Keloids

Keloids occur worldwide in all skin types, and are considered a benign growth. The more darkly pigmented the skin, the higher the risk is for keloid formation. Keloids are often precipitated by trauma, including acne, piercings and burns. Men and women are equally affected.

After a wound has occurred to the skin, both skin cells and connective tissue cells (fibroblasts) begin multiplying to repair the damage. A scar is made up of ‘connective tissue’, fibers deposited in the skin by the fibroblasts to hold the wound closed. With keloids, the fibroblasts continue to multiply even after the wound is filled in. Thus keloids project above the surface of the skin and form large mounds of scar tissue.

In other words, keloids form when the body heals in an abnormal fashion. In people who are genetically predisposed to form keloids, the healing process goes too far creating scars which are much larger than needed to repair the original injury to the skin. Keloids have more cells, more vessels, and connective tissue compared to normal skin and normal scar.

Presentation:
Keloids appear as raised, initially pink-to-purple lesions that are often painful, itchy, or both. The surface is smooth and feels firm upon palpation and has a consistency of rubber. The lesions may be disfiguring, inhibiting normal ranges of motion of adjacent tissue. They may appear anywhere, but are frequently located on the upper back, chest, earlobes, and shoulders, or any area of high tension. Symptoms include increased pigmentation of the skin, redness, itchiness, increased sensation and occasionally pain.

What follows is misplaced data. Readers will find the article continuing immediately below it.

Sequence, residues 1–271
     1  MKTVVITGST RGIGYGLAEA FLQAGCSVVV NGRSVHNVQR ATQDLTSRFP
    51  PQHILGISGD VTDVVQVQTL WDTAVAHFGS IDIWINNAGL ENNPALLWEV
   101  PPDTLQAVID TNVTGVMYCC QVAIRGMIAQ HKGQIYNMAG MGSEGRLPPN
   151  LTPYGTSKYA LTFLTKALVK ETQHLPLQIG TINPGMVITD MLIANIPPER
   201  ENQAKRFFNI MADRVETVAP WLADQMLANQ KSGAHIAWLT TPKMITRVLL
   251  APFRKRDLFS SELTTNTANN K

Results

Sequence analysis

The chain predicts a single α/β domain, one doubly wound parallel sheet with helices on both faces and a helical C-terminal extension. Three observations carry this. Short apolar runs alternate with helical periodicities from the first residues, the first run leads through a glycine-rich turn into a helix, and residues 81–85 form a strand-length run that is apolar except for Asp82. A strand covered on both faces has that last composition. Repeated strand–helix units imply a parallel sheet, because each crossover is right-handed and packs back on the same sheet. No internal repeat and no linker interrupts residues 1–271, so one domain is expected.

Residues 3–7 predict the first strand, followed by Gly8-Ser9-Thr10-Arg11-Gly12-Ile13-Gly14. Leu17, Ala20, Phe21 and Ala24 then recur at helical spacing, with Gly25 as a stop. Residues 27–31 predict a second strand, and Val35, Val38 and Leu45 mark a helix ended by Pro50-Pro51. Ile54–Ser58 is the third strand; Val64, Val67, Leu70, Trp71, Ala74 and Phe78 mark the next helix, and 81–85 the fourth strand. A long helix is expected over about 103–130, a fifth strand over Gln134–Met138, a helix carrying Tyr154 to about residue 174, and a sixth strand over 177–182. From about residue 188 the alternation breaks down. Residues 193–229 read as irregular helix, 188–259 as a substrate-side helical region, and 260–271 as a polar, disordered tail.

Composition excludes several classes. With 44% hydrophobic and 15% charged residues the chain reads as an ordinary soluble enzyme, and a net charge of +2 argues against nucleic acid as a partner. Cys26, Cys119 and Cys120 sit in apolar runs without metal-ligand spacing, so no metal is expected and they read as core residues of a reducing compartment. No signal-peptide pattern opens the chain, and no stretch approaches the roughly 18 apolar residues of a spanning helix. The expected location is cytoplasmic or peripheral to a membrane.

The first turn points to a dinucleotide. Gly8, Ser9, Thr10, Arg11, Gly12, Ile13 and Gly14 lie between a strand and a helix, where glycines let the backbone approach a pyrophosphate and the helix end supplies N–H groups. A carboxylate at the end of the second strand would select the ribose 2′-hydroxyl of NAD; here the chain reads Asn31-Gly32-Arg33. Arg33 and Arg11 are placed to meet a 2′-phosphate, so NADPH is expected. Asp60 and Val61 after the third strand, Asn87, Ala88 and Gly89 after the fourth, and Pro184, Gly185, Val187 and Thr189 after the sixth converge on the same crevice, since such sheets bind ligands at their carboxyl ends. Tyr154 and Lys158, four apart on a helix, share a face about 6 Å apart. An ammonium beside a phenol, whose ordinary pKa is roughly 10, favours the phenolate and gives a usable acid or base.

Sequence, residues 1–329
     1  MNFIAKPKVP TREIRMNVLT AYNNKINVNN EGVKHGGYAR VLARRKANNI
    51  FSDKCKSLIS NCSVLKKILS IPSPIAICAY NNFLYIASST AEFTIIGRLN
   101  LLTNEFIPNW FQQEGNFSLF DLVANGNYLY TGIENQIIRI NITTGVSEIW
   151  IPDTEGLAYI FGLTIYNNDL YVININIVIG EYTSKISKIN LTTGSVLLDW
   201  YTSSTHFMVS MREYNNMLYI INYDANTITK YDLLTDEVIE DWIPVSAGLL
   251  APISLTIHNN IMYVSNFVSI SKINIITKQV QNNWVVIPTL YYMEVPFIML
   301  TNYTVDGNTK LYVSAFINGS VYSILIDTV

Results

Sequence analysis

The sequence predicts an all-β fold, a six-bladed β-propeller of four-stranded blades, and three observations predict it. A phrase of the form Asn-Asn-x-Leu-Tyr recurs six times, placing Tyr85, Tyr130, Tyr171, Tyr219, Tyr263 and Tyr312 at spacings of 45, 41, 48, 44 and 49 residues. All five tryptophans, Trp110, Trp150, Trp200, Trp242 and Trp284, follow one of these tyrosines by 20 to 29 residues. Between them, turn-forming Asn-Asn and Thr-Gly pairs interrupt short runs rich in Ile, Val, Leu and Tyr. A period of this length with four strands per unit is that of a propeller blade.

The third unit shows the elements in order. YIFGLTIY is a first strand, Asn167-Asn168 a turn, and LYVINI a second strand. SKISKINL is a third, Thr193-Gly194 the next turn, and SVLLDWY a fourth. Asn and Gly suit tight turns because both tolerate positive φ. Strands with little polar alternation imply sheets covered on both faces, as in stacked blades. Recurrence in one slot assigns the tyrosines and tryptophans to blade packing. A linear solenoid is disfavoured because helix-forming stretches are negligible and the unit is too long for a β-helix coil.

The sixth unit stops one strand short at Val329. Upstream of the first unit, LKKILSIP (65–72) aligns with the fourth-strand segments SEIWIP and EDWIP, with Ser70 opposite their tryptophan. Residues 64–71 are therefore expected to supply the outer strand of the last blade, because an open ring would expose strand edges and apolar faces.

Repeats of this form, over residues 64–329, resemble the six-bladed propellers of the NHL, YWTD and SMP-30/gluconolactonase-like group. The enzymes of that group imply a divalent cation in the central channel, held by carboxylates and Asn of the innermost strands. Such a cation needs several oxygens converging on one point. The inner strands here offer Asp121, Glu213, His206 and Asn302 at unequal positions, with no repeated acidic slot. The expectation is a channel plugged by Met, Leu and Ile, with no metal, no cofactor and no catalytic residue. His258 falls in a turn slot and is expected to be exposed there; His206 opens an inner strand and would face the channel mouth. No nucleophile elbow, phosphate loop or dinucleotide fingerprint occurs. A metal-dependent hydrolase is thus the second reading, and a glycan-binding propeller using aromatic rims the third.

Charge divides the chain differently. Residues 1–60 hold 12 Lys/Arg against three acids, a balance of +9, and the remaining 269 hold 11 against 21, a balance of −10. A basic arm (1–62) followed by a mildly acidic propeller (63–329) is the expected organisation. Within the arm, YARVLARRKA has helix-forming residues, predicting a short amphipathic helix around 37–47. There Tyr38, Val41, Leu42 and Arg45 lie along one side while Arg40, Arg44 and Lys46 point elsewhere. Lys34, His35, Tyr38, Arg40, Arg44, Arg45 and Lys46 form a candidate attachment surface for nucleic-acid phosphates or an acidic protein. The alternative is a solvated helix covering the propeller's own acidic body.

Treatment:
Keloids may be often be prevented by using a pressure dressing or silicone gel sheets over the injury site. This treatment is used after healing of the wound or injury, usually within a month.

Intralesional corticosteroid injections are the most commonly used therapy for keloids and should be done once every month. After several injections with cortisone, the keloid usually becomes less noticeable and flattens in three to six month’s time. Surgery is inadvisable for most keloids, where the eventual recurrence rate is reported to be in excess of 80%. It is possible to reduce the height of a keloidal scar with surgery, but the width of the lesion remains, and the best outcome would be a flat scar. Intralesional corticosteroids or a drug called alpha-interferon may be combined with surgical excision. Radiation has also been combined with surgery to prevent recurrence of keloids following excision. Cryosurgery is another modality reserved for smaller keloids and lighter pigmented skin types.

References:
James W.D., Berger T.G., Elston D.M. Andrews’ Diseases of the Skin. 10th ed. Philadelphia: Elsevier Inc, 2006, pp.602-603.

External links: www.dermtext.com

Lela Lankerani, D.O.
Department of Dermatology
Philadelphia College of Osteopathic Medicine/Frankford Hospital
Philadelphia, Pennsylvannia.

Stephen M. Purcell, D.O., F.A.O.C.D.
Professor and Chairman of the Department of Dermatology
Philadelphia College of Osteopathic Medicine
Philadelphia, Pennsylvannia
www.adaltd.com